When thinking about the hotspots of high school football talent in the United
States, the Commonwealth of Virginia does not initially come to mind. Florida,
Texas and California, with their large populations, are regarded as the most
fertile recruiting grounds in the country. They each have enough players to
support more than one big time program. Each of those states has more than one
big time college football program within its borders, and those programs are
maintained by in state talent.
|Xavier Adibi was the #1
the state of Virginia in 2003.
The state of Florida provides for perennial powers Miami, Florida and Florida
State, while Texas helps furnish players for Texas and Texas A&M, with
Oklahoma and other top programs landing their share of players as well.
California feeds national champion USC, as well as a rising Cal program.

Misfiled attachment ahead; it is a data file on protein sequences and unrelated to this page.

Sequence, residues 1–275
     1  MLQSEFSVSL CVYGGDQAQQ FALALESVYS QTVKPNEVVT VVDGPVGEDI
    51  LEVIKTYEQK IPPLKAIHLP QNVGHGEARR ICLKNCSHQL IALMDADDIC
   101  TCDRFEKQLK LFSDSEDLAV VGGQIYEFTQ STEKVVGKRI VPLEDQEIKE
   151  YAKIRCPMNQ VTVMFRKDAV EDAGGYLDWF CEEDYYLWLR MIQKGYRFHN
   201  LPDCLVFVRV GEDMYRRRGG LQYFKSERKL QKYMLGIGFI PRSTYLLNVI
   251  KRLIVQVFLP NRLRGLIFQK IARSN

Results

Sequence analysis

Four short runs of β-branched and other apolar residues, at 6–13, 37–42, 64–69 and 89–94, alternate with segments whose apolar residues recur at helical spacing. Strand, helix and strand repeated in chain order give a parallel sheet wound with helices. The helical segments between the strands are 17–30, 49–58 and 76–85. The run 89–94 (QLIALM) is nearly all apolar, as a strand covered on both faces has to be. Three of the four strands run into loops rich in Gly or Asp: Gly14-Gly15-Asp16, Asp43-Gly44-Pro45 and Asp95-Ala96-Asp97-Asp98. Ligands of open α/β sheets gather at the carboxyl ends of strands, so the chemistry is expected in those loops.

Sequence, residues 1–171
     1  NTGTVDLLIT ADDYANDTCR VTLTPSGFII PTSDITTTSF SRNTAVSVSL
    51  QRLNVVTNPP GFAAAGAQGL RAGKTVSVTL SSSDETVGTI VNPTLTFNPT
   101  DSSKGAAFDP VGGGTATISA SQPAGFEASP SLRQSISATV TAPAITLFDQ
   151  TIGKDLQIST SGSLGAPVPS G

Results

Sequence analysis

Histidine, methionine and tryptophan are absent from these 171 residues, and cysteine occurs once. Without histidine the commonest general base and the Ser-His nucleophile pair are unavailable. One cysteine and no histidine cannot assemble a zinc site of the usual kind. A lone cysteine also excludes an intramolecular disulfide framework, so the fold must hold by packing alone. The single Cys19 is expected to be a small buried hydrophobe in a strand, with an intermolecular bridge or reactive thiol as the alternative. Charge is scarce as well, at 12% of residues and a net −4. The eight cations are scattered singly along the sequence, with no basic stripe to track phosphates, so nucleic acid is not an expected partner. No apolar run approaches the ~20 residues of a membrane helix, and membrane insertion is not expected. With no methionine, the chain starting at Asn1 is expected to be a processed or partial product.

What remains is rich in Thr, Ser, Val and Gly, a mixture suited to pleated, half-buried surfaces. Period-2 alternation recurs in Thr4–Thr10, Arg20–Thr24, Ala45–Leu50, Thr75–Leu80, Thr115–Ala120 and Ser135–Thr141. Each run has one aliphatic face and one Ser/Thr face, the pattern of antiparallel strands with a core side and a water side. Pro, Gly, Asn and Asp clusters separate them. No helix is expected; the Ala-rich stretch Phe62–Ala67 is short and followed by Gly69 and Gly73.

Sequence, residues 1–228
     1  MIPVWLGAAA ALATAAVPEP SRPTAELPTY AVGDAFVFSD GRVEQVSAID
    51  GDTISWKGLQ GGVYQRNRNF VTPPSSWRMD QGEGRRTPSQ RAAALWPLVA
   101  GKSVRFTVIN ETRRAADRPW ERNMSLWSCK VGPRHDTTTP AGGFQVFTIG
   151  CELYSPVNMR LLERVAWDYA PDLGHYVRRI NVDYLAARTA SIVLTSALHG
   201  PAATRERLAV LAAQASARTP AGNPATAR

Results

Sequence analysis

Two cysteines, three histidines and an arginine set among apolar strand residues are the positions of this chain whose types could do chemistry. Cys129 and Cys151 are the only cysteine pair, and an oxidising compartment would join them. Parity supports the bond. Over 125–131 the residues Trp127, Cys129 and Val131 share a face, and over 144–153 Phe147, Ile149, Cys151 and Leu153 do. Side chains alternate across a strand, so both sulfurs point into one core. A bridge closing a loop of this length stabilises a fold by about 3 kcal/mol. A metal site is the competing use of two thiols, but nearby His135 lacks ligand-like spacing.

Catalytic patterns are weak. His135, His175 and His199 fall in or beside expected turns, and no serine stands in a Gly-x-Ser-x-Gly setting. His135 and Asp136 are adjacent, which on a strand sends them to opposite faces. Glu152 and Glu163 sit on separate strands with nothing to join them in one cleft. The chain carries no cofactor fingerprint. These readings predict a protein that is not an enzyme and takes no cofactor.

However, if you are going to base a state’s high school talent on the success
of the in-state programs, Virginia is only behind these three states.
This article looks at recruiting classes dating back to 1996, so let’s go
back to that year and take a look at what both Virginia Tech and UVA have done
on the gridiron since then.
The Hokies have certainly done their part, going to a bowl game every year in
that span (1996-present). Tech has also won three conference championships, two
Big East and one ACC, been to three BCS games, and played for the national
championship in 1999. Also in that span, Tech has gone to three Gator Bowls,
which are played on New Years Day. Just three times since 1996 have the Hokies
been negated to minor bowl status, those coming in 1998, 2002 and 2003. Virginia
Tech has won 84 games since 1996, and lost just 28.
The Hokies have enjoyed unprecedented success over the past decade or so and
have definitely been the elite program in the state, but UVA hasn’t exactly
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